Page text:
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Jets System Primer: Fitting the Pieces Together on Defense

NFL: New England Patriots at New York Jets Vincent Carchietta-USA TODAY Sports

Hall of Fame coach Tom Landry held a masters degree in industrial engineering. He applied the engineering principles he learned in school when he built his defenses. His units needed to be structurally sound with each part supporting one another. Landry was known to give a negative grade in film review to players who made a play that wasn’t their assignment within the defensive playcall. Even if it was a tackle for a loss, Landry reasoned somebody else was assigned the role to make the play. The tackler had abandoned his assignment and thus left the defense vulnerable.

I didn’t want to jump too deep into the Jets’ new schemes until I at least saw them on the field. We know what Robert Saleh did in San Francisco. We know his influences in his early days as a coach. We had a pretty good idea what some of the principles would be, but I wanted to see the defense in action to know for sure what we would be looking at.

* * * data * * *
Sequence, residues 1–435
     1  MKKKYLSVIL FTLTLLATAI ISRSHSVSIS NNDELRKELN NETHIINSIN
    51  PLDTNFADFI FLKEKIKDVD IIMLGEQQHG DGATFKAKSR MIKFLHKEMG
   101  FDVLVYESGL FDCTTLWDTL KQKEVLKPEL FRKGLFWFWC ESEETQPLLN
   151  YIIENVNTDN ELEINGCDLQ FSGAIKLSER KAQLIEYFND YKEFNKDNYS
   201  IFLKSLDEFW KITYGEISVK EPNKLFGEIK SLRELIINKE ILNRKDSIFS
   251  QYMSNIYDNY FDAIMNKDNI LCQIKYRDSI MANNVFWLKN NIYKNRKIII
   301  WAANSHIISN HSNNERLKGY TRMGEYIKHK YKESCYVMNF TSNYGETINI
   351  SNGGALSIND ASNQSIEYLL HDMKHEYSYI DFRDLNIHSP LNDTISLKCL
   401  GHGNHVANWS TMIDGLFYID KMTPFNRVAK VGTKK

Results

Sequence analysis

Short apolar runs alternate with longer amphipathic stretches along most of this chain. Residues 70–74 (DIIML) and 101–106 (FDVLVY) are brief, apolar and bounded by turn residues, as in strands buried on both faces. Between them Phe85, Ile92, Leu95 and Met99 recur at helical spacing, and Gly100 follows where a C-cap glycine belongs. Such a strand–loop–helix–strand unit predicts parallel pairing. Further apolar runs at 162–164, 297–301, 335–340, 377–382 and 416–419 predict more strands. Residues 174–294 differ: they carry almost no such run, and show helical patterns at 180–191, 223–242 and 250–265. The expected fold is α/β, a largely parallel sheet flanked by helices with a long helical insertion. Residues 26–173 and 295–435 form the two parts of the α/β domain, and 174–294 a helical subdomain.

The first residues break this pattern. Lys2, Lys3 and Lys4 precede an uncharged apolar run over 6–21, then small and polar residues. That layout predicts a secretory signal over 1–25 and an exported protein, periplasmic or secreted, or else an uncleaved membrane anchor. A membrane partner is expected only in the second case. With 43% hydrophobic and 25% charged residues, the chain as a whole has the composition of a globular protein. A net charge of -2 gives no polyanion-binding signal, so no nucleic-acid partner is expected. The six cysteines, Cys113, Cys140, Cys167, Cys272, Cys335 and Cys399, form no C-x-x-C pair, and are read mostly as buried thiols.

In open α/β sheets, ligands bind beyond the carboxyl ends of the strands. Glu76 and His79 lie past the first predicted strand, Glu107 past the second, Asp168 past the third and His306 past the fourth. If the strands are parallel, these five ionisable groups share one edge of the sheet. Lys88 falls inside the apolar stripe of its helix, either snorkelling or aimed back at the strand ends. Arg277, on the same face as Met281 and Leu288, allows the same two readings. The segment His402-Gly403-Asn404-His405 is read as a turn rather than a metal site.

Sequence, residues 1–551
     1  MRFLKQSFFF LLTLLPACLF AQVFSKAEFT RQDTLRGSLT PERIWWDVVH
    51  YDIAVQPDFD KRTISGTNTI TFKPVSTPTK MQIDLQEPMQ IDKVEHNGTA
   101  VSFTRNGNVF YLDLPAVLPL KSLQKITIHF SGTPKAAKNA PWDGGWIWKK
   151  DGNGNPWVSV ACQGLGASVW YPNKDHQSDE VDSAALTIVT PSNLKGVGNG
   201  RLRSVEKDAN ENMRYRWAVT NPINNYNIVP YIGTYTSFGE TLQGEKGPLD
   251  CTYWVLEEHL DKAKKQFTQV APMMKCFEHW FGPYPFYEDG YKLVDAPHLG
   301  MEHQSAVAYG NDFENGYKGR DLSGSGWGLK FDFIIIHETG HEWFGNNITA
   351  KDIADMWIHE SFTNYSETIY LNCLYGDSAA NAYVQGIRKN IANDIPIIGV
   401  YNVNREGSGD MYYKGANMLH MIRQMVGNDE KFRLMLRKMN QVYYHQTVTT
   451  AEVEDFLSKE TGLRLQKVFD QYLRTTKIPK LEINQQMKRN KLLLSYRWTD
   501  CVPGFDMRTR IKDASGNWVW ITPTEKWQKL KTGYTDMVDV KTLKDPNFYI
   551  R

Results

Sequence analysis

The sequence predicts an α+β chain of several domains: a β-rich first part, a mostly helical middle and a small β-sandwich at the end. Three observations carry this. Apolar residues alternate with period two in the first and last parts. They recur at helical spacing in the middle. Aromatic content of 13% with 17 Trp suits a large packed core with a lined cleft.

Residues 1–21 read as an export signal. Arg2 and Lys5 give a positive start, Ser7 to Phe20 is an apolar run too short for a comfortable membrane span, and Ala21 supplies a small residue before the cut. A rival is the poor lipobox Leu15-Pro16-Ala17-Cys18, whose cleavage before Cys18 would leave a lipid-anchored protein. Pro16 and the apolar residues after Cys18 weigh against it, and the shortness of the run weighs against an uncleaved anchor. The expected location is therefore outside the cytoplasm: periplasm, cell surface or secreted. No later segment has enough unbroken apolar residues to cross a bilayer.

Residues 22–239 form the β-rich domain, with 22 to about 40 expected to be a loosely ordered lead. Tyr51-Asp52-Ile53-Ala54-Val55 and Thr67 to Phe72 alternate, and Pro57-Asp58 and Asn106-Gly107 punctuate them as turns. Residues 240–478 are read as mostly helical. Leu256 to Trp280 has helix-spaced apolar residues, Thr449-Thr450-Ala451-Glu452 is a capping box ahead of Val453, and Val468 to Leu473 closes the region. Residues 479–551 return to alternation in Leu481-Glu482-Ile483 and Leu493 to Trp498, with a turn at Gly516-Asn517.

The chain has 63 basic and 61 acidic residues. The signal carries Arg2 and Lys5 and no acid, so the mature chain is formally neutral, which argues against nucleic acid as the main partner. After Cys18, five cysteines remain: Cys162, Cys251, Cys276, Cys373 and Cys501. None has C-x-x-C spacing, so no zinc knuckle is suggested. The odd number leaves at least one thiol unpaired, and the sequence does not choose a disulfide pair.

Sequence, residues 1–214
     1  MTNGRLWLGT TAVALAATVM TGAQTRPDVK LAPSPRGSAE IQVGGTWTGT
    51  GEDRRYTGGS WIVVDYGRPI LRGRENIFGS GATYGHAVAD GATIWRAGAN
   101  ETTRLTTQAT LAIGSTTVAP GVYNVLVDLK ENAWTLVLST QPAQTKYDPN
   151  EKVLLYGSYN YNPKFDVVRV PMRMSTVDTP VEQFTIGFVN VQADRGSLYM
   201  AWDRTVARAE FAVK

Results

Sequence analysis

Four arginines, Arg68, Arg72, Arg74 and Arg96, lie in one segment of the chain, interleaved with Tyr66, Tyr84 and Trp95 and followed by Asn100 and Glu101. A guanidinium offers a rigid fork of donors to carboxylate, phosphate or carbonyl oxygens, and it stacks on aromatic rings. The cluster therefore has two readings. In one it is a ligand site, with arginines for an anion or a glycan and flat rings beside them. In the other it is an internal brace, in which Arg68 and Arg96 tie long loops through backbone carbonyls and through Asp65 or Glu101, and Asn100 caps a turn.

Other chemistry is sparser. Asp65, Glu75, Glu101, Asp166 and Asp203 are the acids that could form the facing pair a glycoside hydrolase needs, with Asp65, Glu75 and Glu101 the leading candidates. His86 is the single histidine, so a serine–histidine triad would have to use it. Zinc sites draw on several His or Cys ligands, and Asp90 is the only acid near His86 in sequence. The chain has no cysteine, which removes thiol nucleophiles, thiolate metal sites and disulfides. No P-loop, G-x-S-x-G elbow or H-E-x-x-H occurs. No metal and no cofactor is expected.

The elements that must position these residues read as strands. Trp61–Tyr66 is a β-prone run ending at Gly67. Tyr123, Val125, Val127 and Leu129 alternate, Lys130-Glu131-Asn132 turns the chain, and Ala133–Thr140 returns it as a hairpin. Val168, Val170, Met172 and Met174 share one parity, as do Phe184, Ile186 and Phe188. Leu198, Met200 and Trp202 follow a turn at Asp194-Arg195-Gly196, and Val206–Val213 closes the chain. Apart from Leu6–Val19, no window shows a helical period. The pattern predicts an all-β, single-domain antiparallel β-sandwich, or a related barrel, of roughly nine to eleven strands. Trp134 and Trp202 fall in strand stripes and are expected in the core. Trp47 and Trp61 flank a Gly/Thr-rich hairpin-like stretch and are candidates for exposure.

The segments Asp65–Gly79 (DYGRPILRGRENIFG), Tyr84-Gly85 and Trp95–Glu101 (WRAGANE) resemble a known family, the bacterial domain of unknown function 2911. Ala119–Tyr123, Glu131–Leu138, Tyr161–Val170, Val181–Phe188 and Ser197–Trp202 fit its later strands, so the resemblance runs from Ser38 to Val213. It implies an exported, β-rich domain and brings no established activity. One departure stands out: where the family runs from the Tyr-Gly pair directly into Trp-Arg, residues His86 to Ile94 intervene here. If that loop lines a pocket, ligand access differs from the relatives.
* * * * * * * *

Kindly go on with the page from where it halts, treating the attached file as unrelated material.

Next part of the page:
We are still only two games into his tenure as Jets head coach so I am sure some things will be adjusted as we move forward, but I am beginning to get a sense of what the Jets want this defense to be and why the roster was constructed as is.

Today’s NFL defenses are very complex, and play calls vary based on opponent and game situation.

However, in neutral situations I get the sense this is the base defense for the Jets.

It’s a very basic Cover 3. Responsibility for the deep part of the field is divided into thirds. One safety has the middle third. The outside thirds are the assignments of the two outside corners.

Underneath there are four zone divided by whichever safeties, slot corners, and linebackers align there.

As you may know, Saleh coached early in his NFL career with the Seattle Seahawks under Pete Carroll. The Seahawks were known for having an iconic defense from this era built around a secondary nicknamed the Legion of Boom.

The Seahawks ran their share of Cover 3, but they had a very talented cornerback group led by Richard Sherman.